conflict photographer

2

Fifty years ago, military photographs serving in our armed forces took thousands of photographs that covered every aspect of the conflict in in Vietnam—photographs that are now part of our National Archives. Their assignments sent them everywhere: the jungles and swamps, forward bases, hospital ships, rivers, and air bases.

Our new traveling exhibit, “Picturing Nam,” will be on display for the first time at Syracuse, NY, during the Central New York Veterans Parade Expo from November 10 to 12. After that, you can see this exhibit at the Onondaga County Historical Society until January 7, 2017.

3

Scenes From D-Day, Then and Now

On June 6, 1944, Allied soldiers descended on the beaches of Normandy for D-Day, an operation that turned the tide of the Second World War against the Nazis, marking the beginning of the end of the conflict. Reuters photographer Chris Helgren compiled archive pictures taken during the invasion and went back to the same places to photograph them as they appear today.


In the shadow of war. South Sudan. The country, both before and after independence has know nothing but tragedy, war, and turmoil. Predictions are that South Sudan will be in the headlines many times this year, with civil was and genocide dominating them. 

9

The Scratched Lens: Photographing Syria: Bassam Khabieh

Reuters Slideshow: http://www.reuters.com/news/picture/photographing-syria-bassam-khabieh?articleId=USRTSAIOA

2

IRAQ. Bashur. Nineveh governorate. Near Shingal/Sinjar. March 2015. Women of the Shingal Resistance Unit on patrol in the Sinjar Mountains.

After training, they will join the guerrillas in the fight. Their commander told me that the biggest challenge they face had nothing to do with the training, but was more a psychological challenge. Even after the war is long over, one can only imagine the internal, irreparable damage done to an entire generation on every side of the conflict.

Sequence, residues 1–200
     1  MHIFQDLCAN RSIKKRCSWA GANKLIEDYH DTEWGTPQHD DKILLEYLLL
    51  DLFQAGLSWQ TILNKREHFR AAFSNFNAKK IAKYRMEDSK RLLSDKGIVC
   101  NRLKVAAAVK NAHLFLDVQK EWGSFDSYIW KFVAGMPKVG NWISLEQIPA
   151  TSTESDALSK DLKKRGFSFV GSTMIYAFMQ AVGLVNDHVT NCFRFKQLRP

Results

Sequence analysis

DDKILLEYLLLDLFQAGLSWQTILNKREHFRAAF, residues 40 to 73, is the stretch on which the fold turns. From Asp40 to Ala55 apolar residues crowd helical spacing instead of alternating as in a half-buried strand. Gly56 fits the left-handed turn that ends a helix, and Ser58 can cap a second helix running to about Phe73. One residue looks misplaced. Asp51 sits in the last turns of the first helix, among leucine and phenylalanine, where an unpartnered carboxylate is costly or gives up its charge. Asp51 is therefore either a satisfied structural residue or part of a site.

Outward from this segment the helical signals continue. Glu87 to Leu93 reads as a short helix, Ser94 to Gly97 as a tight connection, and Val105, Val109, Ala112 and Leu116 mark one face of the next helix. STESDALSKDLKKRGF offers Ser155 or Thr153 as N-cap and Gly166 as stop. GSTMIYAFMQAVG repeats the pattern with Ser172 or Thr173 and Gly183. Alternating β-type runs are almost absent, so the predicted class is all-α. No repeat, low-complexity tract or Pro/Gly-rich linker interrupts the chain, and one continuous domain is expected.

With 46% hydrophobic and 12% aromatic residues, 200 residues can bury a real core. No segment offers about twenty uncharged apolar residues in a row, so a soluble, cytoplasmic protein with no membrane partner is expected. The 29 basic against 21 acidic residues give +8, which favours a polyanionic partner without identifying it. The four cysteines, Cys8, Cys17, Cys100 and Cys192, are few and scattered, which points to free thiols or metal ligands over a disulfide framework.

Photograph: Joey L.

“By the ’90s, photography’s reputation as a truth-telling medium had long been in disrepute. Far from being an objective record of reality, it was seen as agenda-ridden and manipulative. When applied to as crazily complicated a slice of history as the Lebanese wars — everyone had a different take on cause, effect, justification and blame — photographic unreliability took on an absurdist, surreal cast.”

Read The New York Times’ review of Walid Raad, on view through January 31.

[Installation view of Walid Raad, The Museum of Modern Art, October 12, 2015-January 31, 2016. © 2015 The Museum of Modern Art, New York. Photo: Thomas Griesel]

Two young Assyrians sit next to the fence of a huge statue of the Holy Virgin Mary. They fled with their families from Islamic State’s held Mosul to Koysinjaq, Iraqi Kurdistan.

At sunset, they lit candles and sang songs in (modern) Aramaic, the language that Jesus spoke, while walking around a giant statue of the Virgin Mary in Koysinjaq, Iraq. They stressed how good they were treated here by the (predominantly Muslim Kurdish) local community.

Assyrian is the common collective term for modern Aramaic-speaking peoples of the Near East. They’re indigenous to what is now Iraq, Syria, Iran, and Turkey and are also known as Chaldeans, Syriacs and Arameans.